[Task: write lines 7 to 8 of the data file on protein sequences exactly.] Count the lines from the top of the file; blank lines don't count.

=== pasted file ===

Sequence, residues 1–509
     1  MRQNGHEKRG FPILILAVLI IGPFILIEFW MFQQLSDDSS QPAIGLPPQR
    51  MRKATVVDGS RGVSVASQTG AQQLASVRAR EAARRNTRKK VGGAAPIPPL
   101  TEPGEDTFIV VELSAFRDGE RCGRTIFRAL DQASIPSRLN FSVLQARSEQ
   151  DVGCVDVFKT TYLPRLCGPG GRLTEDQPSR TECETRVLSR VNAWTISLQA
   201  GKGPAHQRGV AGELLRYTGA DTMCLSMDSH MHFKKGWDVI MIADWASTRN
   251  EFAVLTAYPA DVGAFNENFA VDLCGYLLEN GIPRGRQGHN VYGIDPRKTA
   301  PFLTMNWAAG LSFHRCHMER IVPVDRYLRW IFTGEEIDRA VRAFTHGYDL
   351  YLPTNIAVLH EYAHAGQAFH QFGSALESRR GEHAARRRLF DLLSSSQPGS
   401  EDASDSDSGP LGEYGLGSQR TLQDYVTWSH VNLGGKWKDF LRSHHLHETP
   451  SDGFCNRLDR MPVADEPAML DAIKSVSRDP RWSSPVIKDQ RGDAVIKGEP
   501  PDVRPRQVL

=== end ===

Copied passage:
   251  EFAVLTAYPA DVGAFNENFA VDLCGYLLEN GIPRGRQGHN VYGIDPRKTA
   301  PFLTMNWAAG LSFHRCHMER IVPVDRYLRW IFTGEEIDRA VRAFTHGYDL